Plans and goals and collaboration: Population health and wellness managers must have solid plans and goals – both short- and long-range – grounded in strategic decisions made in collaboration with healthcare entities, neighborhood groups, community agencies, and government organizations. What will be the priorities for the next quarter, next year, and 5 years down the road? How will success be measured? What will it take for participants to buy in and engage? Positive change is slow to impossible when individuals don’t participate in their health. But a social norm where people are both interested in their health and feel empowered to actively participate in healthful behaviors—such as being physically active daily and eating healthful meals—can create an atmosphere of change. The key is getting individuals to see themselves as active participants in their health and longevity.
For population health and wellness managers
A health risk assessment informs population health programs. It gives health professionals an honest look at their population’s current health practices and risk of future health problems. Armed with that information, they can identify and segment individuals who are at greater risk for future (and often costly) chronic disease and then implement strategies that can promote positive lifestyle choices and improve determinants of health. Follow-up assessments reveal whether the changes have impacted health trends.
Most health risk assessments include a personal report with analysis of current health and recommendations for each participant which, if followed, should improve health over time.
A health risk assessment (HRA) should ask questions to determine current health and happiness, such as height and weight, mood, personal health history, and current treatment. It should also collect information on an individual’s health habits, such as physical activity, stress, social support, diet, sleep, change readiness, and whether they are current with recommended exams and vaccines. This helps to predict risk of future health problems. A robust HRA will also ask about income, education, accessibility, and history of trauma.
Population health and wellness professionals should evaluate the effects of their initiatives. One way to receive a tangible measurement is to administer a health risk assessment annually and compare prior assessment results with the current results. There should be improvements in health practices and, as a result, improvements in health and quality of life. As diseases are managed, averted, or reversed, there should be lower rates of hospitalizations and urgent care visits. Employer groups should see higher productivity and job satisfaction.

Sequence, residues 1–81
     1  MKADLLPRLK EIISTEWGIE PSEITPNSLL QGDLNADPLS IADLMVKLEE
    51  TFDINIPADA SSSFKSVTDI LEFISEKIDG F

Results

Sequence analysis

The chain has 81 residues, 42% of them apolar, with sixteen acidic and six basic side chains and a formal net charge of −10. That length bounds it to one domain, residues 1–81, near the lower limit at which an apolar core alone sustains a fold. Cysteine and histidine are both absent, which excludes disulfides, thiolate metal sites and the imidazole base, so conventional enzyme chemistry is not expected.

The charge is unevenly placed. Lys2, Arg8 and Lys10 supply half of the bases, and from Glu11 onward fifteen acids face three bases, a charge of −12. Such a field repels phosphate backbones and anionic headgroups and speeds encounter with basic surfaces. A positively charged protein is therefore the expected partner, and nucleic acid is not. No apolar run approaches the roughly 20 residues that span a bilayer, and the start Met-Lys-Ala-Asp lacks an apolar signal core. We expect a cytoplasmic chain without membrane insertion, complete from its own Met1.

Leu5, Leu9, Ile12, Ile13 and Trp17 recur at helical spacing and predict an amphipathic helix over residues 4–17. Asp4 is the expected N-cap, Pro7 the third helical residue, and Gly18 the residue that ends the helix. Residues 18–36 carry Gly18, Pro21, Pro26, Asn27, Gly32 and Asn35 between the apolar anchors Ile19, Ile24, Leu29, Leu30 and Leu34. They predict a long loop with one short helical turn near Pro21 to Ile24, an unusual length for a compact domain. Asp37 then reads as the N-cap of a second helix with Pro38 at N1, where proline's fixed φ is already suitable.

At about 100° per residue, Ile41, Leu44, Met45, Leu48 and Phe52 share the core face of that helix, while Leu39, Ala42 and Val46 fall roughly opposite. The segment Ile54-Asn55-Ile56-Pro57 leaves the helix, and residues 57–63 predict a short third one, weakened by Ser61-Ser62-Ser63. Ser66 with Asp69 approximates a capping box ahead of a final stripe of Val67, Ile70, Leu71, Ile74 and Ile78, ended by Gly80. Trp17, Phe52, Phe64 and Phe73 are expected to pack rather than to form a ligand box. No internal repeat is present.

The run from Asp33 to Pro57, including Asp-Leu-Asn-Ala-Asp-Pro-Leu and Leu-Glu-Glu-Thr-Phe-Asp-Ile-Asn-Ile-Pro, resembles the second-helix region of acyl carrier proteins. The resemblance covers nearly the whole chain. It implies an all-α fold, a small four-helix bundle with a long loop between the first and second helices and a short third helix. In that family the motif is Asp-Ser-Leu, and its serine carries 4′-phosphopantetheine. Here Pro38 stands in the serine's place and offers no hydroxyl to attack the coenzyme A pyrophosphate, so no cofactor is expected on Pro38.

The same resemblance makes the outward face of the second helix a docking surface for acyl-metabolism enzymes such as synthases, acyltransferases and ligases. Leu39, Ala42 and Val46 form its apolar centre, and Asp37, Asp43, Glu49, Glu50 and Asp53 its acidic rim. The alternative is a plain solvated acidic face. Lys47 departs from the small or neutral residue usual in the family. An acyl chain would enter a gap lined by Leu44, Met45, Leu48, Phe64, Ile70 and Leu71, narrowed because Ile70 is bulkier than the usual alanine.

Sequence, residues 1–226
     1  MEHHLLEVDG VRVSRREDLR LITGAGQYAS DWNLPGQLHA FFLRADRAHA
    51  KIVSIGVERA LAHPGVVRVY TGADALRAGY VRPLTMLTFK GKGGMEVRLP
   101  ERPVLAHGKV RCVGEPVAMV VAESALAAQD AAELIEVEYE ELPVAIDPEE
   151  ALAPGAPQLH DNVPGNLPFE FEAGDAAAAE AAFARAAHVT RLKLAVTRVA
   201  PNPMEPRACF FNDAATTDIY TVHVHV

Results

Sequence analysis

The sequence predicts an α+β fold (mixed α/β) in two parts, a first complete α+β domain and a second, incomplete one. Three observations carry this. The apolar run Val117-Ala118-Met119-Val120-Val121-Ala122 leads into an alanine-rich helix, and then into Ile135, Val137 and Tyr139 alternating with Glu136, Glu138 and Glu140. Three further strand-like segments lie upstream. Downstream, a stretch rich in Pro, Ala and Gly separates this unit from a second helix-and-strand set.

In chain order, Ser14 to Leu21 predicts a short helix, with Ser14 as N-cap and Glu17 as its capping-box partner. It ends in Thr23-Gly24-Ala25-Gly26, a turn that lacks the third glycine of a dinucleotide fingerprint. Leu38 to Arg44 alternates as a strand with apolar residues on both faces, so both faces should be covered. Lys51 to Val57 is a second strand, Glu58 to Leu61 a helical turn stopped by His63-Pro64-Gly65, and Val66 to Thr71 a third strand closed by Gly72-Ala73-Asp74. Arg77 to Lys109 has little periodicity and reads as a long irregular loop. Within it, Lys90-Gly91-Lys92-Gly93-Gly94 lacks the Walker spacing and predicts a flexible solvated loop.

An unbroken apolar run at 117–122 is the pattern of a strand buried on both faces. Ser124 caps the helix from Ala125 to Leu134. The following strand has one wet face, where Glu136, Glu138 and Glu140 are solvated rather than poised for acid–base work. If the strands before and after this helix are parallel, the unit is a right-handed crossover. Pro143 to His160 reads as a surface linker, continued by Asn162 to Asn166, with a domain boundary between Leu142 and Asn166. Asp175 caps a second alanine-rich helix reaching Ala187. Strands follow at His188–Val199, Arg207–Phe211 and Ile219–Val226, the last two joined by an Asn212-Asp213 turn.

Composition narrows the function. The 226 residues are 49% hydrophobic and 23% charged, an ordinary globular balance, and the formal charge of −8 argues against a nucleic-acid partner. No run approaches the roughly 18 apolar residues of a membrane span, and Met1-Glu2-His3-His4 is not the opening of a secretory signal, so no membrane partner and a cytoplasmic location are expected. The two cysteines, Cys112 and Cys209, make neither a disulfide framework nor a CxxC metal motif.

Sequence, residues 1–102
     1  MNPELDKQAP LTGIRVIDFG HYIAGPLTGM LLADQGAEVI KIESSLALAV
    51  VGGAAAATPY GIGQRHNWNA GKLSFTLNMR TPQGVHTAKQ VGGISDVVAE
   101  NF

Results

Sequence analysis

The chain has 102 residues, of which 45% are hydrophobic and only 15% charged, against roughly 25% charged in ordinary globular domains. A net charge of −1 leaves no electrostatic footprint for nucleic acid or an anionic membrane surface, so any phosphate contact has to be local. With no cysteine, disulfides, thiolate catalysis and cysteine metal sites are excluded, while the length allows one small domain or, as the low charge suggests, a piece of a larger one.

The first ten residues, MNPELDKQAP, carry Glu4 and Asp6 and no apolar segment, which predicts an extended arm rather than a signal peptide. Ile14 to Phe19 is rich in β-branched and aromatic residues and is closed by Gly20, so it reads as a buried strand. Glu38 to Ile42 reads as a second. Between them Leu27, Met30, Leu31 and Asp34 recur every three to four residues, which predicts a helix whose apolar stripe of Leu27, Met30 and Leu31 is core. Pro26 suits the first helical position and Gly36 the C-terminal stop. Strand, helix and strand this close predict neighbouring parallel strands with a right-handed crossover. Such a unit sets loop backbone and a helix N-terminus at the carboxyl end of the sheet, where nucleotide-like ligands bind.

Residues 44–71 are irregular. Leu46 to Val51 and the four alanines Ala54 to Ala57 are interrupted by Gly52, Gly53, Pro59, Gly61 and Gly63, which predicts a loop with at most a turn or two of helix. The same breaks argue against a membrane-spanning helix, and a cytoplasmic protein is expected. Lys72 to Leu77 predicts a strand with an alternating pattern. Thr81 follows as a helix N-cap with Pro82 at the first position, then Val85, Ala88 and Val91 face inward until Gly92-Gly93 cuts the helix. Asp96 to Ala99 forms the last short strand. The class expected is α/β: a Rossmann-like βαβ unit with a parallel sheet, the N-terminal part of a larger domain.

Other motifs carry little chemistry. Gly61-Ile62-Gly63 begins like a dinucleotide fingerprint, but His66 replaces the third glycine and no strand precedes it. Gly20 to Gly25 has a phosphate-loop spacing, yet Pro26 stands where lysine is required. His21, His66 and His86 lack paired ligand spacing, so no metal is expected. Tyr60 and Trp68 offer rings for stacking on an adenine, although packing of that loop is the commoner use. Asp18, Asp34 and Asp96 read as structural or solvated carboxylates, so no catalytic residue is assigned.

IT (information technology) may well be the panacea for population health. Data is predominantly housed, exchanged, analyzed, and consumed electronically. Health and wellness professionals, faced with mountains of data, increasingly rely on population health IT to parse and digest data in innovative and efficient ways that allow them to efficiently identify risks, target interventions, increase engagement and behavior change, and achieve desired outcomes with minimal expense. The magnitude of data will continue to increase as Baby Boomers age. By 2029, one in five Americans will be 65 or older. Population health IT innovations accommodate both the numbers of people and the discrete data bits required for personalized care. Douglas B. Fridsma, MD, PhD, FACP, FACMI, president and CEO of the American Medical Informatics Association (AMIA) observes that population healthcare managers “need to use technology and clinical research to take our interventions up a level of magnitude to a population of 1 to 2 million—or even, when we get this right, a population of billions of people.”
In addition, the Centers for Medicare & Medicaid (CMS) has joined forces with the Office of the National Coordinator for Health Information Technology (ONC) to support seamless and secure interoperability. Health IT professionals are valued members of population health teams and wellness and population health managers work toward open, yet secure, nationwide connectivity.
The Health IT Playbook by the Office of the National Coordinator for Health Information Technology is filled with tips and best practices to help health professionals optimize their use of health IT for their population health efforts. The playbook emphasizes the importance of privacy and data sharing. Application Programming Interface (API) calls are a type of integration that allows for secure information exchange between electronic health records (EHRs) and other data systems, such as a health risk assessment or patient portal.